This close up shows a complexly fractured and grooved section of the south polar layered deposits. Illumination is from the lower right, and the scene is about 600 meters (approximately 650 yards) across.
The south polar layered deposits are an accumulation of mostly water ice and dust, similar in some ways to ice caps like those in Greenland and Antarctica. In this example, the icy, dusty layers are barely visible, obscured by a complex system of ridges and fractures that formed after the layers were deposited. The layers themselves are highlighted by sunlight and look like broad swales underlying the fracturing.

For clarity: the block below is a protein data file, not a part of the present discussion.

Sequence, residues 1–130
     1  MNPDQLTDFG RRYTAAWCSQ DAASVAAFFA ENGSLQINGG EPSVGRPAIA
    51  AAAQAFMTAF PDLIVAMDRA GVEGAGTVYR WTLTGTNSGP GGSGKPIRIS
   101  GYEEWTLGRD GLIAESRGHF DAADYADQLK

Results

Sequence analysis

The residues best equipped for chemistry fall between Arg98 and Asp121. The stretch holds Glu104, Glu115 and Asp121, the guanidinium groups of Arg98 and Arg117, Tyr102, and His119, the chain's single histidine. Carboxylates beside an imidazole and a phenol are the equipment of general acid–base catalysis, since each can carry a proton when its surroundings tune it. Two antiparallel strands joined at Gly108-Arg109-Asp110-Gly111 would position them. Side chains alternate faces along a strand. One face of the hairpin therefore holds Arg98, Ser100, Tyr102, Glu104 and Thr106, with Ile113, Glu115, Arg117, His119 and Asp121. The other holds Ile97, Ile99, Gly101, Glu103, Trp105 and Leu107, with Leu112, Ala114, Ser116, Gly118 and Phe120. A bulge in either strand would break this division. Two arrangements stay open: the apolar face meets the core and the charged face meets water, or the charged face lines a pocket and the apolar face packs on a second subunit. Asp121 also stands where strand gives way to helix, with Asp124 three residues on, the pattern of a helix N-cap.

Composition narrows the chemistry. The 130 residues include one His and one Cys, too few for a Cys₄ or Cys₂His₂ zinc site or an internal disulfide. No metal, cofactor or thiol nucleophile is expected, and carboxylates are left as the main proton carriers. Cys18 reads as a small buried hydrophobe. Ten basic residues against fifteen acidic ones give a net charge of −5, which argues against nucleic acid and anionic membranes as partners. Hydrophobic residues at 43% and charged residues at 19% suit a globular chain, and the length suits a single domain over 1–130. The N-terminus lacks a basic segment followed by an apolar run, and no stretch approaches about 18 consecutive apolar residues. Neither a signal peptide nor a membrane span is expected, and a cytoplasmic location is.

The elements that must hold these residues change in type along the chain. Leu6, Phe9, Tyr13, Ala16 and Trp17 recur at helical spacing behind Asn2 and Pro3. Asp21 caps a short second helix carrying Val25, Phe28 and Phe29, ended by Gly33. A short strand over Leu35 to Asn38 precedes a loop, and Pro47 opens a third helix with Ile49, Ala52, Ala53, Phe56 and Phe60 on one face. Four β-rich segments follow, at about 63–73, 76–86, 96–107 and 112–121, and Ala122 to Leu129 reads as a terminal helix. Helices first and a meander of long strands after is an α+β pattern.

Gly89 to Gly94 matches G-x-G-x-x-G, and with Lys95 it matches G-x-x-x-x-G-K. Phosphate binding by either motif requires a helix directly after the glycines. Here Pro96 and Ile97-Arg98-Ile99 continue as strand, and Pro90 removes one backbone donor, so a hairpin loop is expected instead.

In the upper left of this example, one can see curvature in the layers which may have formed when the ice was flowing or which may have been due to collapse and slumping of some layers sometime after they were deposited but before they were fractured. The exact cause of the fracturing and grooving is unknown.Written by: Kathryn Fishbaugh (14 December 2007)
More info and image formats at http://hirise.lpl.arizona.edu/PSP_006151_0975
Image: NASA/JPL/University of Arizona